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People v. Schreiber

OPINION FILED MARCH 4, 1982.

THE PEOPLE OF THE STATE OF ILLINOIS, PLAINTIFF-APPELLEE,

v.

DAWN LEE SCHREIBER, DEFENDANT-APPELLANT.



APPEAL from the Circuit Court of Cook County; the Hon. JAMES M. SCHREIER, Judge, presiding.

JUSTICE ROMITI DELIVERED THE OPINION OF THE COURT:

After having been convicted of the murder and robbery of Vito Falcone in a jury trial, defendant Dawn Lee Schreiber was sentenced to concurrent terms of 20 years and 7 years for those respective crimes. On appeal defendant contends: (1) certain statements she made following her arrest should have been suppressed because the arrest itself was illegal; (2) her guilt was not established beyond a reasonable doubt; (3) she was deprived of a fair trial by the prosecutor's final argument.

We affirm.

The evidence presented by the State at trial established the following pertinent facts. Vito Falcone lived on the first floor of a two-flat building at 1749 North Mayfield Avenue in Chicago. The building also contained a finished basement. At about 10 a.m. on June 5, 1978, Falcone's sister went to this home and discovered Falcone's body, bound hand and foot, gagged, and lying under a mattress. The first-floor apartment was ransacked and two television sets were missing. Police summoned to the scene were informed by a next-door neighbor that Falcone had been seen the afternoon before parking his car in the area in the company of a woman the witness had never seen before. The police were given a detailed description of this woman. According to the police the bindings on the body were so tight as to be imbedded in the skin. Bruises were visible on the victim's face and right elbow. No wallet or money was found in his clothes. About two feet from the bed was a hammer. In another room of the basement police found a bag containing women's clothing and various papers. Included in those papers were a photograph of a woman, two envelopes, and a letter, all bearing the defendant's name.

It was ascertained that defendant lived at 4727 North Malden Street in a hotel called the New Malden Arms. Half a block from that establishment police found the victim's Cadillac. Its tires, wheels, and interior had been stripped.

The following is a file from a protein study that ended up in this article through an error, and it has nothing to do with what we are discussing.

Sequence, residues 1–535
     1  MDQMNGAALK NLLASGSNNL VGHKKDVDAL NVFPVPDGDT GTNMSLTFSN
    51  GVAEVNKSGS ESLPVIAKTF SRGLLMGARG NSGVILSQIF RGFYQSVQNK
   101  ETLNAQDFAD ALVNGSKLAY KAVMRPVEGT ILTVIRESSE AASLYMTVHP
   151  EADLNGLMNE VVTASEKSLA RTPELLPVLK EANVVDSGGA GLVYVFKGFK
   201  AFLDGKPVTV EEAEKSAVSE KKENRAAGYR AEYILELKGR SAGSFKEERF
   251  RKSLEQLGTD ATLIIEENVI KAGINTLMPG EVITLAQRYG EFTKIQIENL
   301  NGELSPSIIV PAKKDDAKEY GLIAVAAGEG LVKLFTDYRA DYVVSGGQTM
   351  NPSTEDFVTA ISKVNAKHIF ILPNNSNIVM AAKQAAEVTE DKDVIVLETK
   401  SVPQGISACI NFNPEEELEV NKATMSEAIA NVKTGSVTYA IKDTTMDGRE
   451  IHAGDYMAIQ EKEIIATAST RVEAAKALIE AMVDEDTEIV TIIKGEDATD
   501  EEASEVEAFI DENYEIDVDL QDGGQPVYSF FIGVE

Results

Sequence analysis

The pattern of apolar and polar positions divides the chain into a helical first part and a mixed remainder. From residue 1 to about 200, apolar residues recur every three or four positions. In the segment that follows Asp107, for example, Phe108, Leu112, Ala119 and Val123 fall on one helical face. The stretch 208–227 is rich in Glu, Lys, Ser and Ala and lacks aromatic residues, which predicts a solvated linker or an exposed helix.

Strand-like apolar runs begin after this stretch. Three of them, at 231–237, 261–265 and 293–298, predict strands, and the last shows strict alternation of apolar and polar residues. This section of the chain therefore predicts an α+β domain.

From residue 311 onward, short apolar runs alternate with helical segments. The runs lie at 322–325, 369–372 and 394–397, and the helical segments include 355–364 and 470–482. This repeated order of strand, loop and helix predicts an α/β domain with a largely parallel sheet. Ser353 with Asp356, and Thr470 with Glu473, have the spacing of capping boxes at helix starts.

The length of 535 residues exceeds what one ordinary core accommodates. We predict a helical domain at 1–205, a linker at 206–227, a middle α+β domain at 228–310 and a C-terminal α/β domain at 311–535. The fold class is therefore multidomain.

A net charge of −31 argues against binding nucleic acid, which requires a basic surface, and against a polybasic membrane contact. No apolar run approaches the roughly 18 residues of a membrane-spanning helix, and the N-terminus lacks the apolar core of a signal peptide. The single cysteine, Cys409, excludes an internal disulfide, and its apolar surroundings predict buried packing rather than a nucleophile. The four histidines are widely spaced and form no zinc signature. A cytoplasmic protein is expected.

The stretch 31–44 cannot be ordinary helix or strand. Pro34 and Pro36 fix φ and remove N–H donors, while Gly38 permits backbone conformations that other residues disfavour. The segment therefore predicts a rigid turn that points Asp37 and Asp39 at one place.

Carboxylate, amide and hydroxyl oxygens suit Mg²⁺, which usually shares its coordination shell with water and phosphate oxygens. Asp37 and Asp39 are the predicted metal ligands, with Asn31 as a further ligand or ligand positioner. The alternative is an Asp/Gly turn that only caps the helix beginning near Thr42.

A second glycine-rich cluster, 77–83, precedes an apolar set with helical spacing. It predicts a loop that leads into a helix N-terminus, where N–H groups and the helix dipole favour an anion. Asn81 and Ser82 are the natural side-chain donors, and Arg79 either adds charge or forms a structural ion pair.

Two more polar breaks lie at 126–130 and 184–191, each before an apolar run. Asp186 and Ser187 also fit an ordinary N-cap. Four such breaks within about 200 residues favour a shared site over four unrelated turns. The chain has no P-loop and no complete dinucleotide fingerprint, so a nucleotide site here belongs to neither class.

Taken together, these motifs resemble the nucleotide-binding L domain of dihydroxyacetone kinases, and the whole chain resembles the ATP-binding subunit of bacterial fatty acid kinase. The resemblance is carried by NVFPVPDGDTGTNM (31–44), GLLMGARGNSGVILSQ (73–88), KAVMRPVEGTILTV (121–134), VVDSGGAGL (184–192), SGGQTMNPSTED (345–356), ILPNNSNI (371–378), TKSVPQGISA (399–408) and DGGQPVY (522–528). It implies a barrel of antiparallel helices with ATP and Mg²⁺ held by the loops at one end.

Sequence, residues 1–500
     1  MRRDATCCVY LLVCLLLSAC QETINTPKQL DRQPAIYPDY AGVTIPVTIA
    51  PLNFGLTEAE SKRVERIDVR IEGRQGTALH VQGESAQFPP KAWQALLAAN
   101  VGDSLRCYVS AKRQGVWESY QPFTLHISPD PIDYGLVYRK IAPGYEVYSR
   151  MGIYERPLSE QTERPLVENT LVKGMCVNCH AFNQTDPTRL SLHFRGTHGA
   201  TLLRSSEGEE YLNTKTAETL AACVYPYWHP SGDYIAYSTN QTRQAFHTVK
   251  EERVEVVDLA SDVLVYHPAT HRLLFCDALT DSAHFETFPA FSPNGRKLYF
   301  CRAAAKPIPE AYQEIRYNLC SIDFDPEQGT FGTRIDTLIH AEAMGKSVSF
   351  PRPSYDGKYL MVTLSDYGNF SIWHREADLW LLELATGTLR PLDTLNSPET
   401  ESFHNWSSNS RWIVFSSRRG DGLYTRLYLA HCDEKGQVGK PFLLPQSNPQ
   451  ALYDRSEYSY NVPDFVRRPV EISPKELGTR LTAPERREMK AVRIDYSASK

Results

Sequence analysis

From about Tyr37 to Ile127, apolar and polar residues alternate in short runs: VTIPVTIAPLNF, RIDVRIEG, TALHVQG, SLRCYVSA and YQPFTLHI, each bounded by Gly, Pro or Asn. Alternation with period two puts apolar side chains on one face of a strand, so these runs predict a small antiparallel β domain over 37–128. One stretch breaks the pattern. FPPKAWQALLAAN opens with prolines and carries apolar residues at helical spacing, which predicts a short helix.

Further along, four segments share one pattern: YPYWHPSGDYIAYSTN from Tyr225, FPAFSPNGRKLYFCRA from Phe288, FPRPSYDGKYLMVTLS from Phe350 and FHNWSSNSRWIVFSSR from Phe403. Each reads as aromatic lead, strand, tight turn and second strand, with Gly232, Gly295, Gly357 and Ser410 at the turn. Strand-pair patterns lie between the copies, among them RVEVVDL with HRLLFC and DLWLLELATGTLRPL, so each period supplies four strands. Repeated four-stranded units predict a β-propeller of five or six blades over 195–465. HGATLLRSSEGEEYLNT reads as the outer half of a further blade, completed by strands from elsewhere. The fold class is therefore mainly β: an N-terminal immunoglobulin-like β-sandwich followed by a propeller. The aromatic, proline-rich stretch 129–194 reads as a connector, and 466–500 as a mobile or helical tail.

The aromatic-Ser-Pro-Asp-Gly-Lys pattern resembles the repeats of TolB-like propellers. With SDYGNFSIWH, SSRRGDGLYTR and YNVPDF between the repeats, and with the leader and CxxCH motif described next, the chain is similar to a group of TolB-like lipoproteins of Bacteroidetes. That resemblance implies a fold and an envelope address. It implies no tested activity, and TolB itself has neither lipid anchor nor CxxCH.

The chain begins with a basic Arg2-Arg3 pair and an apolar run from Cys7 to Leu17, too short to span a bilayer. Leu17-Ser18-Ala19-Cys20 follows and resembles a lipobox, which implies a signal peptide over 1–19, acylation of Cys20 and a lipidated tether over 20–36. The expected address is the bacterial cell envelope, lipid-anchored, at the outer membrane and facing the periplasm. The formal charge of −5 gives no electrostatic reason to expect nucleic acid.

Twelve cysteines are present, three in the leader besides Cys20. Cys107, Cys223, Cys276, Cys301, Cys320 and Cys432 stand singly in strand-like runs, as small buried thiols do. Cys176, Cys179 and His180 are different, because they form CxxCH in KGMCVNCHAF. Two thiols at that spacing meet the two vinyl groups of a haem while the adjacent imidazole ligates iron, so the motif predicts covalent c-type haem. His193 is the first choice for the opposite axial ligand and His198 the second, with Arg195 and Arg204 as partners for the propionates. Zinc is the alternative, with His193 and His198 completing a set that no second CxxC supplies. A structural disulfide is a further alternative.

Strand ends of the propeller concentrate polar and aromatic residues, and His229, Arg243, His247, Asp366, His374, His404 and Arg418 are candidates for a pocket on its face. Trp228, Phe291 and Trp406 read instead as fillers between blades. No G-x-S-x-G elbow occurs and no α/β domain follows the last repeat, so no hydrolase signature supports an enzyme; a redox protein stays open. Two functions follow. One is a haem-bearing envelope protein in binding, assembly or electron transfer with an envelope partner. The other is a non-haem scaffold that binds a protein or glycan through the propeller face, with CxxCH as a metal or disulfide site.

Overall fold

Police Investigator James Sesso went to the hotel and knocked on the door of Room 416, which he had learned was defendant's room. No one answered, and after the hotel manager let him into that room he proceeded to Room 421, registered to James Jackson. Sesso knocked and a woman opened the door. He identified himself as a police officer and asked the woman if she was the defendant. She said she was, and Sesso told her she was under arrest. During this conversation at the door Sesso had observed in the apartment, sitting on top of a television set, another television set which resembled one missing from the victim's home. After placing defendant under arrest and informing her of her rights, Sesso moved defendant into the apartment. In response to questioning she stated that her boyfriend, James Jackson, lived in the apartment but was out of town for a week. At that time a man entered the apartment with a key. Sesso learned that he was James Jackson and arrested him.

Defendant was transferred to the police station where Sesso again questioned her. After reading her her rights and informing her of the incriminating evidence the police had, Sesso elicited from defendant the following account of the occurrence. Defendant had known the victim for two weeks; during the last week she had been living on and off in the basement apartment of his house. On June 4 she had gone to a carnival. At about 1 a.m., while in the company of James Jackson, she called Falcone to get a ride home. Falcone drove her to his house and after watching television with him she retired to the basement. Later Jackson and a man she knew as Terry Ellis knocked on her door, and she let them in.